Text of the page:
I watch it because she’s a good writer, and I like her character Hannah’s preoccupation with remaining a Creative Person. I like that she looks up at the ceiling when she talks to people. I like that Hannah peddles pretentious crap as often as she mocks it—as do lots of us at every age. I like that she’s panicked about being exposed as a fraud, but confident too. Having probably behaved like a jackass while getting my MFA, I devoured Hannah’s workshop scenes in Iowa—laughing, cringing, recalling my own feats of imbecilic thoughtfulness.
I watch it because it doesn’t matter that I’m past the casual sex, the thrills, the indignities and heartbreaks specific to being a woman in her twenties. Now my indignities (rogue hair sprouts) and joys (staying home at night on my couch) are those of a woman much older than Hannah. But I want to continue knowing what’s in Dunham’s head. It’s funny and smart and phobic in there. I’m drawn in not because of her relationships or neuroses or pleated pants, though those things compel me, but because of her development as an artist and a woman.
When a writer can do what Dunham can—see herself from a distance, sharply critical but tender, and think ahead to some future perception of self—the results are powerful. As long as she does this, I’ll be interested in her projects—most recently an HBO documentary she executive produced with Jenni Konner. It airs on March 23rd and is called “It’s Me, Hilary.”
The film, directed by Matt Wolf, is about Hilary Knight, the illustrator of the iconic Eloise books written by Kay Thompson. It explores the total collapse of the creative and personal relationship between Knight and Thompson, and the terrible after-effects of this divergence for Knight. It’s a story most fans of the book probably aren’t aware of. Dunham appears in it and we learn about the formative influence Knight’s illustrations had on her.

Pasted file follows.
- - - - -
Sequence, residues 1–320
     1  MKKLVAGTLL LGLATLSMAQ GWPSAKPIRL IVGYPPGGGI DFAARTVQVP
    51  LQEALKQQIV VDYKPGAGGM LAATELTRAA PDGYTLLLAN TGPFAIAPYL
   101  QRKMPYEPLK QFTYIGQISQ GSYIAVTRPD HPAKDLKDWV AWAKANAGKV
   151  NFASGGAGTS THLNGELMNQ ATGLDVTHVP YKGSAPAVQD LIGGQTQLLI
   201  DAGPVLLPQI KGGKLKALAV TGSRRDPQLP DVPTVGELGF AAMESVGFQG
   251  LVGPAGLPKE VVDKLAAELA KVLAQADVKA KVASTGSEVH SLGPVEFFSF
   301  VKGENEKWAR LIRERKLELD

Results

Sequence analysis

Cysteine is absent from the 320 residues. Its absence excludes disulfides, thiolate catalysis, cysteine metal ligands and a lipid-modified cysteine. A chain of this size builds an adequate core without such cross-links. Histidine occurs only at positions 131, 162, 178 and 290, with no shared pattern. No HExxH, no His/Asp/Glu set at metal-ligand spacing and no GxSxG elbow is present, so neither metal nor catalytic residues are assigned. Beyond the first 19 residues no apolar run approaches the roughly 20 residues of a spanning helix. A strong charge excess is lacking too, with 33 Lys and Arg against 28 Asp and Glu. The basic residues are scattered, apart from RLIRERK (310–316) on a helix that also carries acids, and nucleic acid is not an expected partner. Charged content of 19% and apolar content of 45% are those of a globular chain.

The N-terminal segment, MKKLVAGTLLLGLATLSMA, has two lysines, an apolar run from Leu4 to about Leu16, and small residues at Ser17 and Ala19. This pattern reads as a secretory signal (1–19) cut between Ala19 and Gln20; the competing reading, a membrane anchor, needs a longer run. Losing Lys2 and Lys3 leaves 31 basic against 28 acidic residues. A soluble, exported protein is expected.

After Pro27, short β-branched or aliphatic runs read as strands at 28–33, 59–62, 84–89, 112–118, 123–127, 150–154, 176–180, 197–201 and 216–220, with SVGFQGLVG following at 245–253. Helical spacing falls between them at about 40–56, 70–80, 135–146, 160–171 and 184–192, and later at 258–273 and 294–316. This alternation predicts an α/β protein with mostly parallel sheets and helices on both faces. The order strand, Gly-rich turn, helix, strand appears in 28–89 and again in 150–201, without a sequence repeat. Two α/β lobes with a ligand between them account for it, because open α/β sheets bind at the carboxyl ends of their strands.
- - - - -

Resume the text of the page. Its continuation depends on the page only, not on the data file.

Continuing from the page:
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In addition to a childhood fascination—she has an Eloise tattoo on her lower back and talks about feeling kinship with a character who “doesn’t care that her stomach hangs over her skirt”—Dunham’s interest in making a film about Knight, I’m assuming, is intertwined with a desire to create a portrait of an artist—one that was as young as she was when he first earned major success. Look what can happen, I felt as though she might think, even when you are talented and full of promise, if something goes wrong. The psychology of worrying—so familiar to me now in middle age—that good things can be taken from you. Knight makes clear that something vital was taken from him.
Now 88 years old, witty, weird, and making films in his backyard, Knight feels thwarted, but that there’s much left to do. His collaboration with Thompson, the success of the book, and their ugly parting of ways makes for a melancholy narrative about the clash of two artistic people. We learn that Thompson was such a “powerhouse personality” and so vice-grip controlling, that Knight felt as though he “dissolved into the background” in her presence. She was all the things he was not, but he masterfully transferred his emotions into the drawings. As time passed, many felt that Thompson resented Knight’s images being as identified with Eloise as much the text—something she ultimately refused to abide.
Dunham says it was as if “two people got divorced and were fighting over their child, Eloise.” To Knight’s profound regret, he signed documents early on that prohibited him from ever drawing Eloise, or anything that looked like Eloise, apart from Kay Thompson. Even after Thompson’s death, contentious dealings with her estate made his involvement fraught on additional Eloise projects. Despite a career illustrating other books, gorgeous theater posters, and his desire to continue working, Knight has never duplicated the success of Eloise.
In the film, Fran Lebowitz puts a hopeful point on his life’s work. Though it was frustrating and unfair to be stiff-armed out of Eloise’s world, she says, “He made something that lasted. Almost nothing lasts. He made a beautiful thing that endures, and that is really rare.”
I’d imagine this idea is meaningful to an over-achiever, and a fretter, like Lena Dunham, who explains revealingly that her love for Eloise as a child came from recognizing a character with “a sense of place, and a sense that she deserves to be where she is.”
Indeed. As an artist who has received her share of attention and admiration, it feels as though Dunham wanted to make a film honoring another deserving artist who has not received his. And perhaps, never will.